Nine man-eaters and one rogue is the first person account of the captivating adventures of the famed hunter Kenneth Anderson. The stories are set in the 30’s and 40’s when Anderson was active chasing and eliminating man eating tigers and leopards in the erstwhile State of Mysore and Presidency of Madras. This book has not caught the attention of the world as much as Man Eaters of Kumaon written by Anderson’s more well-known counterpart Jim Corbett, whose hunting ground was the Kumaon region on the Himalayan slopes.

Corbett, as all great hunters, always had his quarry in the cross hairs and the story moves ahead giving the readers the impression that they are walking a step behind the author. However, this is limiting at times, because Corbett tells the story as seen by the hunter with his eye just above the barrel and finger on the trigger. Anderson, on the other hand, is a more avid student of nature. That takes his narration to a slightly wider canvass. One gets an intimate picture of the forest, its inhabitants (including the flora) and their behaviour patterns when reading Anderson. His description is very effective in painting a lively picture in the mental eye of the reader. Anderson has written several books – on jungles and hunting. His works are surely a shade above Corbett’s when it comes to literary value.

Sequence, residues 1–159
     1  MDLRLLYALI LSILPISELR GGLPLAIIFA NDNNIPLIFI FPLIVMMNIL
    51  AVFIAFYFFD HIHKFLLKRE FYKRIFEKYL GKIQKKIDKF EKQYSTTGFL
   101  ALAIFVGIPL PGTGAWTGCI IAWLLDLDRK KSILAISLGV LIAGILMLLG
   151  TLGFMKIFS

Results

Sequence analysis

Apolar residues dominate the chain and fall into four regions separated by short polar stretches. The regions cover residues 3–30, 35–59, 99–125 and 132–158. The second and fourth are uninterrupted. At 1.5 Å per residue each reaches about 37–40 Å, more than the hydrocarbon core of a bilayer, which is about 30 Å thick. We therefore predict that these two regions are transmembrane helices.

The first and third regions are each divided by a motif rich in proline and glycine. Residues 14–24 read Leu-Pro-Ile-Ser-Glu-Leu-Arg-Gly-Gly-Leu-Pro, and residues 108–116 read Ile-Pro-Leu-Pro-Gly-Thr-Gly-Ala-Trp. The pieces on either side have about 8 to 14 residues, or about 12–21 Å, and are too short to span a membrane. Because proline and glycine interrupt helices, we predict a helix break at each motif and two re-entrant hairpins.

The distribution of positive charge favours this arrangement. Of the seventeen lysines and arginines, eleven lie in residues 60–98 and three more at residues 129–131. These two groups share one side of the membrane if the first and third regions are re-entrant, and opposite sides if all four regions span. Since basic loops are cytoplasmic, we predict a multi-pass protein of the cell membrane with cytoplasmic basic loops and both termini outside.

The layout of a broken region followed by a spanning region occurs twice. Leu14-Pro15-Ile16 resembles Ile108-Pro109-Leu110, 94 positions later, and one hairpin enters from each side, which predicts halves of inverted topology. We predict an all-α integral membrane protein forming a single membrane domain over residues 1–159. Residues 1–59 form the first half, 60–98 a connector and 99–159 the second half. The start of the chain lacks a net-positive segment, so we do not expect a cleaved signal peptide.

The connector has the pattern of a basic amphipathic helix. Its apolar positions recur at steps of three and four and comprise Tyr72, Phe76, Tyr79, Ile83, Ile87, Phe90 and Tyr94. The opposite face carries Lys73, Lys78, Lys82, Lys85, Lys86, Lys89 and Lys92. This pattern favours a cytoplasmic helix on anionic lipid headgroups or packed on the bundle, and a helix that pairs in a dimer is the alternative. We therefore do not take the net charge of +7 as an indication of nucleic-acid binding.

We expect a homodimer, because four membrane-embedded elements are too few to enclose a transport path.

Both hunters turned conservationists in the latter part of their life. Corbett lends his name to the first national park of India. But, their books clearly tell us that they were trophy hunters at some point of time in their career. Interestingly, hunters were called sportsmen those days. Any reference to a sportsman in the books written by Anderson and Corbett point to a fellow hunter involved in the sport of shooting animals.

Thrilling stories from Anderson and Corbett give us the vicarious pleasure of tracking man-eaters and take us on a wonderful study tour of Indian forests.